Newman–Penrose formalism

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The Newman–Penrose (NP) formalism[1][2] is a set of notation developed by Ezra T. Newman and Roger Penrose for general relativity (GR). Their notation is an effort to treat general relativity in terms of spinor notation, which introduces complex forms of the usual variables used in GR. The NP formalism is itself a special case of the tetrad formalism,[3] where the tensors of the theory are projected onto a complete vector basis at each point in spacetime. Usually this vector basis is chosen to reflect some symmetry of the space-time, leading to simplified expressions for physical observables. In the case of the NP formalism, the vector basis chosen is a null tetrad: a set of four null vectors—two real, and a complex-conjugate pair. The two real members asymptotically point radially inward and radially outward, and the formalism is well adapted to treatment of the propagation of radiation in curved spacetime. The most often-used variables in the formalism are the Weyl scalars, derived from the Weyl tensor. In particular, it can be shown that one of these scalars--\Psi_4 in the appropriate frame—encodes the outgoing gravitational radiation of an asymptotically flat system.[4]

Newman and Penrose introduced the following functions as primary quantities using this tetrad:[1][2]

  • Twelve complex spin coefficients (in three groups) which describe the change in the tetrad from point to point: \kappa, \rho, \sigma, \tau\,;  \lambda, \mu, \nu, \pi\,; \epsilon, \gamma, \beta, \alpha. .
  • Five complex functions encoding Weyl tensors in the tetrad basis: \Psi_0, \ldots, \Psi_4.
  • Ten functions encoding Ricci tensors in the tetrad basis:  \Phi_{00}, \Phi_{11}, \Phi_{22}, \Lambda (real);  \Phi_{01}, \Phi_{10}, \Phi_{02}, \Phi_{20}, \Phi_{12}, \Phi_{21} (complex).

In many situations—especially algebraically special spacetimes or vacuum spacetimes—the Newman–Penrose formalism simplifies dramatically, as many of the functions go to zero. This simplification allows for various theorems to be proven more easily than using the standard form of Einstein's equations.

In this article, we will only employ the tensorial rather than spinorial version of NP formalism, because the former is easier to understand and more popular in relevant papers. One can refer to ref.[5] for a unified formulation of these two versions.

Null tetrad and sign convention[edit]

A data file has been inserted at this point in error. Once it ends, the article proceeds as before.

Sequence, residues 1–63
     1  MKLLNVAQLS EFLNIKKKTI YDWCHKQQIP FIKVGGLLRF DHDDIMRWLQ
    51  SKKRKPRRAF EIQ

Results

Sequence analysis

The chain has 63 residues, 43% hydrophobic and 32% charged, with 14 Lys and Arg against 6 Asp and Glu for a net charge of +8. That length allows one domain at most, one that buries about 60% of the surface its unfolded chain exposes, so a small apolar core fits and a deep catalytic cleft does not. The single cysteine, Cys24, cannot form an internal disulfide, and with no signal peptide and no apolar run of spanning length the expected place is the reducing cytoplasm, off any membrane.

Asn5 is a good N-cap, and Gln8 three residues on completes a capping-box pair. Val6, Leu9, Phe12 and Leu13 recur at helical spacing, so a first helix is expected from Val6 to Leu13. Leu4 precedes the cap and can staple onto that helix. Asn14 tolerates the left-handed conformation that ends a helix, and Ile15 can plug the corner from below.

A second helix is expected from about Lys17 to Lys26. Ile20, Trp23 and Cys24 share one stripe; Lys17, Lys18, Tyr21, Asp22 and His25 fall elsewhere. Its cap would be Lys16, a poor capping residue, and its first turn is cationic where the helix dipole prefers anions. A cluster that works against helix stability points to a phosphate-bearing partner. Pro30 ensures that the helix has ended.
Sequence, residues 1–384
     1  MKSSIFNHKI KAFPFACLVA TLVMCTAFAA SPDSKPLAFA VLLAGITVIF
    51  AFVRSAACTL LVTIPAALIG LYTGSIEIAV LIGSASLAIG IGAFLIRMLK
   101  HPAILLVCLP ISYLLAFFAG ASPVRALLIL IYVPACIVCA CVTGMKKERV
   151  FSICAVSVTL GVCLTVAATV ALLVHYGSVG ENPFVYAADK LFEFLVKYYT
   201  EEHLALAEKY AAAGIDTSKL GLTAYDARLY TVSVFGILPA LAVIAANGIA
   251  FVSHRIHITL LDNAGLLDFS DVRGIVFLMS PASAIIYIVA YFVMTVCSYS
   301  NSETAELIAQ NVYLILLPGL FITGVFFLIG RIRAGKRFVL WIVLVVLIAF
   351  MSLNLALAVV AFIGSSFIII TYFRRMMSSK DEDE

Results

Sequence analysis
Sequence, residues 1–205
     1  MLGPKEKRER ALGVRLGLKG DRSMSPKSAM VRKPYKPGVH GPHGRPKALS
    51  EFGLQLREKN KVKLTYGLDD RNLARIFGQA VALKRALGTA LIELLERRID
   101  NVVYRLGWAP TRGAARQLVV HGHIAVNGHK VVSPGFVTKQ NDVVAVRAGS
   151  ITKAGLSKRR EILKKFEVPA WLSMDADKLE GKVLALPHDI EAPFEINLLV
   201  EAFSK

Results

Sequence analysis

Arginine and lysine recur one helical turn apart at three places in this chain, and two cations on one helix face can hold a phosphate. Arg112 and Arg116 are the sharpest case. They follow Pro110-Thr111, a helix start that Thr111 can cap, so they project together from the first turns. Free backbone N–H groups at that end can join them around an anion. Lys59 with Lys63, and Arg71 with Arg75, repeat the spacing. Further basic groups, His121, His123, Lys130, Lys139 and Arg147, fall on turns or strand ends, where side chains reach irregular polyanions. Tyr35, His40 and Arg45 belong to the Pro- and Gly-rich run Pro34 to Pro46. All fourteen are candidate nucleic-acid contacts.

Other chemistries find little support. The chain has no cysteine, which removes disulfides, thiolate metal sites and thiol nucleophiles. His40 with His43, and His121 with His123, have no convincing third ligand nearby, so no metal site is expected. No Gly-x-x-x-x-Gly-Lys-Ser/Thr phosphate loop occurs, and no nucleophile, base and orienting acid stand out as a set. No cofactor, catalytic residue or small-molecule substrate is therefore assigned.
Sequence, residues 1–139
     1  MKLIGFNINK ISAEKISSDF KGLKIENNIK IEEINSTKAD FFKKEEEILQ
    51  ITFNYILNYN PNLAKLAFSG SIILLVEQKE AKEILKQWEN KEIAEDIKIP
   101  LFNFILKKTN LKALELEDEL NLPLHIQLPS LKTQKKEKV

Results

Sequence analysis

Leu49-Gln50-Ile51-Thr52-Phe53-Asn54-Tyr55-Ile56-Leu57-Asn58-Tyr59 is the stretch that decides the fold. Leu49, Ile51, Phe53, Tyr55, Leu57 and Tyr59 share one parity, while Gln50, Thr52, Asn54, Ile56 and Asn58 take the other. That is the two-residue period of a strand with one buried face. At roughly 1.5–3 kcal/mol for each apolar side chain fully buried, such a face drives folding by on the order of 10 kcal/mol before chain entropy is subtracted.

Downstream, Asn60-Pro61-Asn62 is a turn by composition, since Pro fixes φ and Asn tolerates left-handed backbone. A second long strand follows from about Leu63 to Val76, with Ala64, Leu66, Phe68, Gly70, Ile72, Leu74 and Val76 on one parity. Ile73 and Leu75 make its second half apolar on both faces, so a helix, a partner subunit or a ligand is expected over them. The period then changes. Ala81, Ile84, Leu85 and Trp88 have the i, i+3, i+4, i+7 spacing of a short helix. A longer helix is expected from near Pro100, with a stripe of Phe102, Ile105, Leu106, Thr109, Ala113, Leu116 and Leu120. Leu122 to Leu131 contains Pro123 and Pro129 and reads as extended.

The formalism is developed for four-dimensional spacetime, with a Lorentzian-signature metric. At each point, a tetrad (set of four vectors) is introduced. The first two vectors, l^\mu and n^\mu are just a pair of standard (real) null vectors such that l^a n_a = -1. For example, we can think in terms of spherical coordinates, and take l^a to be the outgoing null vector, and n^a to be the ingoing null vector. A complex null vector is then constructed by combining a pair of real, orthogonal unit space-like vectors. In the case of spherical coordinates, the standard choice is

m^\mu = \frac{1}{\sqrt{2}}\left( \hat{\theta} + i \hat{\phi} \right)^\mu\ .

The complex conjugate of this vector then forms the fourth element of the tetrad.

Two sets of signature and normalization conventions are in use for NP formalism: \{(+,-,-,-); l^a n_a=1\,,m^a \bar{m}_a=-1\} and \{(-,+,+,+); l^a n_a=-1\,,m^a \bar{m}_a=1\}. The former is the original one that was adopted when NP formalism was developed[1][2] and has been widely used[6][7] in black-hole physics, gravitational waves and various other areas in general relativity. However, it is the latter convention that is usually employed in contemporary study of black holes from quasilocal perspectives[8] (such as isolated horizons[9] and dynamical horizons[10][11]). In this article, we will utilize \{(-,+,+,+); l^a n_a=-1\,,m^a \bar{m}_a=1\} for a systematic review of the NP formalism (see also refs.[12][13][14]).

It's important to note that, when switching from \{(+,-,-,-)\,,l^a n_a=1\,,m^a \bar{m}_a=-1\} to \{(-,+,+,+)\,,l^a n_a=-1\,,m^a \bar{m}_a=1\}, definitions of the spin coefficients, Weyl-NP scalars \Psi_{i} and Ricci-NP scalars \Phi_{ij} need to change their signs; this way, the Einstein-Maxwell equations can be left unchanged.

In NP formalism, the complex null tetrad contains two real null (co)vectors \{\ell\,,n\} and two complex null (co)vectors \{m\,, \bar m\}. Being null (co)vectors, self-normalization of \{\ell\,,n\} are naturally vanishes,

l_a l^a=n_a n^a=m_a m^a=\bar{m}_a \bar{m}^a=0,

so the following two pairs of cross-normalization are adopted

l_a n^a=-1=l^a n_a\,,\quad m_a \bar{m}^a=1=m^a \bar{m}_a\,,

while contractions between the two pairs are also vanishing,

l_a m^a=l_a \bar{m}^a=n_a m^a=n_a \bar{m}^a=0.

Here the indices can be raised and lowered by the global metric g_{ab} which in turn can be obtained via

g_{ab}=-l_a  n_b - n_a  l_b +m_a  \bar{m}_b +\bar{m}_a  m_b\,,  \quad g^{ab}=-l^a  n^b - n^a  l^b +m^a  \bar{m}^b +\bar{m}^a  m^b\,.

NP quantities and tetrad equations[edit]

Four directional derivatives[edit]

First of all, there are four directional covariant derivatives along with each tetrad vector,

D:= \nabla_\ell=l^a\nabla_a\,,\; \Delta:= \nabla_\mathbf{n}=n^a\nabla_a\,, \;\delta := \nabla_\mathbf{m}=m^a\nabla_a\,, \;\bar{\delta} := \nabla_\mathbf{\bar{m}}=\bar{m}^a\nabla_a\,,

which are reduced to \{D=l^a\partial_a\,, \Delta=n^a\partial_a\,,\delta=m^a\partial_a\,,\bar{\delta}=\bar{m}^a\partial_a \} when acting on scalar functions.

Twelve spin coefficients[edit]

In NP formalism, instead of using index notations as in orthogonal tetrads, each Ricci rotation coefficient \gamma_{ijk} in the null tetrad is assigned a lower-case Greek letter, which constitute the 12 complex spin coefficients (in three groups),

 \kappa:= -m^aDl_a=-m^a l^b \nabla_b l_a\,,\quad \tau:= -m^a\Delta l_a=-m^a n^b \nabla_b l_a\,,
  \sigma:= -m^a\delta l_a=-m^a m^b\nabla_b l_a\,, \quad  \rho := -m^a\bar{\delta} l_a=-m^a \bar{m}^b \nabla_b l_a\,;

\pi:= \bar{m}^aDn_a=\bar{m}^al^b\nabla_b n_a\,, \quad \nu:= \bar{m}^a\Delta n_a=\bar{m}^a n^b\nabla_b n_a\,,
\mu:= \bar{m}^a\delta n_a=\bar{m}^a m^b\nabla_b n_a\,, \quad \lambda:= \bar{m}^a\bar{\delta} n_a=\bar{m}^a \bar{m}^b \nabla_b n_a\,;